This approach which is implemented in PeTSSy could be used in other toolboxes such as AMIGO and Data2Dynamics that implement the calculation of the linearisation matrix M.

There are many output options for this analysis, so it has its own GUI, see Fig. 3. As in the main PeTTSy GUI, the desired model can be selected via the menu system. Analysis is then performed on the experiments both separately and combined.
Fig. 3

Second GUI (’Sensitivity Analysis’). The graphic user interface provides an easy way for the user to select an ’Experiment’. In this case, the ’Experiment’ generated is called ’CtsLightExpt’. The user can select which parameters to include in the SVD analysis and once SVD is done, can select a plot type (details of the plot types and plot specifications are outlined here as well as in the manual)

There are a number of variations included in the package that allow one to focus on different aspects. Firstly, because in many models the actual parameter values k j can differ by orders of magnitude it includes an option where all calculations use the logged parameters so that one is studying relative rather than absolute changes. It also offers an option of using the relative change for the solutions of the system. In addition, for solutions of unforced oscillators one can opt to decompose the change in the solution into a change in period and a change in shape of the solution. One can also choose selected time points to include, which can be done graphically by clicking on a time series plot. Then one is just looking at the variation of g at these timepoints. This enables one to optimise the choice of timepoints when doing experimental optimisation. Similarly, one might want to only include certain variables or form composite variables by forming linear combinations of two or more. This allows the user to replicate experimental conditions. For example, a model may include a particular protein in both the nucleus and cytoplasm but the experimental data may only include the overall levels in the cell and so the user would then want to sum the two model variables. All of these aspects are built into PeTTSy.

Classical sensitivity coefficients

Classical sensitivity coefficients \({C^{Q}_{j}}\) for some output of interest Q (e.g. period or amplitude of unforced oscillator) can be written in terms of S ij and U i components because
$$C^{Q}_{j}\cdot \delta k = L\cdot \delta g $$
where L is the linear operator that associates to a change δ g in the solution the corresponding linearised change in Q. This is calculated for all the obvious Q within PeTTSy. A detailed derivation and list of all of them is provided in [8].

Experimental optimisation

Before performing the SVD analysis the user chooses which experiments will be included, which variables or combintions of variables and which time points. These actions will change the matrix M that will be analysed, namely it uses row operations on the matrix (in the case of creating new variables) or removal of relevant rows of the M matrix (when one wants to remove eliminate some variables from the experiment because, e.g. they cannot be measured).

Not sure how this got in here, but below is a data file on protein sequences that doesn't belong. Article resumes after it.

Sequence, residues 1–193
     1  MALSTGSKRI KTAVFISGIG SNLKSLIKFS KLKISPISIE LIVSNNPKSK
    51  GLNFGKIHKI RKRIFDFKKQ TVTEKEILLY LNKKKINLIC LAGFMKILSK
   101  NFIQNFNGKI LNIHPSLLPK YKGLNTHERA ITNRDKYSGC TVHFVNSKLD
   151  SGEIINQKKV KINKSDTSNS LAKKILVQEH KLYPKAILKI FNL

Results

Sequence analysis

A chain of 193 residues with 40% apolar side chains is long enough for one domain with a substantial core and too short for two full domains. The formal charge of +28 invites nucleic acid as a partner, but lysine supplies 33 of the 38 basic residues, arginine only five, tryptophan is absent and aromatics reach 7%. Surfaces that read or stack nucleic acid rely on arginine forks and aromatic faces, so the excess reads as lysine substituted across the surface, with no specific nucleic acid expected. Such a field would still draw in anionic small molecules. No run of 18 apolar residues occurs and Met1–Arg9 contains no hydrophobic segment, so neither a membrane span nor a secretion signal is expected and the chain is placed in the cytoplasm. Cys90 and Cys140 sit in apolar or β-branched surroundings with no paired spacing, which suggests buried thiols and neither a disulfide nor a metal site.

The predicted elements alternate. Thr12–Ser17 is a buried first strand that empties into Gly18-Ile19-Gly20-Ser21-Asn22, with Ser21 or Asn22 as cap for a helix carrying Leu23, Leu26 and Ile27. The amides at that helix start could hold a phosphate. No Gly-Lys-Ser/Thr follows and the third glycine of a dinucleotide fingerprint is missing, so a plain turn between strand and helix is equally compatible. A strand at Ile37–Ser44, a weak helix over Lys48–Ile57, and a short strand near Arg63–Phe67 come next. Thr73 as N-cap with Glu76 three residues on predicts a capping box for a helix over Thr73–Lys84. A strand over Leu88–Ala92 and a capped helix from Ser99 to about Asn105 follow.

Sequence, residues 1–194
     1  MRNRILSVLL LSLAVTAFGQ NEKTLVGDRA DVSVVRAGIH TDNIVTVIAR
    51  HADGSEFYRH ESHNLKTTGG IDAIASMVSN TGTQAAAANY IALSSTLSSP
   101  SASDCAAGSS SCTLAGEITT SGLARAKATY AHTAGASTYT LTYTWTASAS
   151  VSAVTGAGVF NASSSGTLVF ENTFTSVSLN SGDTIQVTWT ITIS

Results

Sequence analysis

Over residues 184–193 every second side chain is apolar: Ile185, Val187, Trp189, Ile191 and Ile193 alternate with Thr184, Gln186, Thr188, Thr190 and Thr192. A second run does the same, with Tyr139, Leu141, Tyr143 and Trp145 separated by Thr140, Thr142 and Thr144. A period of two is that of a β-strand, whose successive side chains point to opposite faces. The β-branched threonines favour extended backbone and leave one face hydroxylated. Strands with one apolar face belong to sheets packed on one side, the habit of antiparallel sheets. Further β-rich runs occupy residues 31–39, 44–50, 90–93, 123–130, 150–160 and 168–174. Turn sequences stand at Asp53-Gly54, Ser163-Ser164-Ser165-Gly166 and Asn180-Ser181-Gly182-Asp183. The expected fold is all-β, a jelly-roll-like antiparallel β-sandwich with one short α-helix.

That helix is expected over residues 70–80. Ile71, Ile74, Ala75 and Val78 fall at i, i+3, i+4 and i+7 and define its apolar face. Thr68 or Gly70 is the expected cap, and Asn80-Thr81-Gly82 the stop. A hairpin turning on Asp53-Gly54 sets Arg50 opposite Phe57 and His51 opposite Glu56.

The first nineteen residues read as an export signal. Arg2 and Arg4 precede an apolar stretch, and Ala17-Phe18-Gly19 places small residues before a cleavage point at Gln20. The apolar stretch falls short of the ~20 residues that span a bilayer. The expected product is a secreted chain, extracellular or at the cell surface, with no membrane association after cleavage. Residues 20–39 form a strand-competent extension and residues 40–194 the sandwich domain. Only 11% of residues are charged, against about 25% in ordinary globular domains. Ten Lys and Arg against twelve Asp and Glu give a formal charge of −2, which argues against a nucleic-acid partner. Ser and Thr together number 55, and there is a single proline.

In particular, one can compute the Fisher Information Matrix F for each combination of the various experiments. Usually, one is interested in seeing the extent to which a new experiment or set of experiments increases the eigenvalues of F or decreases their decay. These are given by \({\sigma _{i}^{2}}\) where the σ i are the singular values introduced above. PeTTSy displays the relevant information to enable this.

Displaying the outputs

The Plotting panel allows the user to select a variety of ways to view the input to and output from the SVD analysis. The first two, Time Series and Solution Derivatives, are similar to the corresponding plots in the main PeTTSy GUI, except that they relate to the selected experiment(s) rather than the raw time series file, and so show the effect of combining and omitting variables and selecting time points.

The other main graphical outputs from the global analysis include the following:

Singular spectrum plot.

This plots the largest singular values so that the user can assess how fast they decay. The user can choose how many are plotted.

Parameter sensitivity spectrum (PSS).

The PSS plots the matrix of the principal global sensitivities S ij =σ i W ij . This spectrum can be plotted as either a 3-dimensional surface plot or bar chart (parameter, k j , vs PC index i, vs S ij , or as a series of 2-dimensional charts (plotting parameter against the S ij ) one for each PC. The user is able to sort by parameter and select the most important to plot, and also to choose whether to plot the raw spectrum, absolute values or log10 absolute values. When performing experimental optimisation, a separate plot is produced for each experiment, plus an additional plot for the combined matrix. One is able to view how combining experiments changes the spectrum. This is a particularly useful plot as from it one can immediately see which are the most sensitive parameters and how they affect the global solution.

Sensitivity heat map.
Sensitivity heat maps (SHMs) are used to identify what variables g m are most sensitive to parameter variation and the temporal profile of how this sensitivity manifests itself. This information can be used to determine which outputs Q have high coefficients and for which parameters, k j . Instead of inspecting the variation in the solution one can also do the same for the principal components U i . In the former case one plots
$$\begin{array}{@{}rcl@{}} f_{i,m}=\left(\max_{j} |S_{ij}|\right) |U_{i,m}(t)| \end{array} $$
(3)
and
$$\begin{array}{@{}rcl@{}} f^{d}_{i,m}= \left(\max_{j} |S_{ij}|\right) |\dot{U}_{i,m}(t)|. \end{array} $$
(4)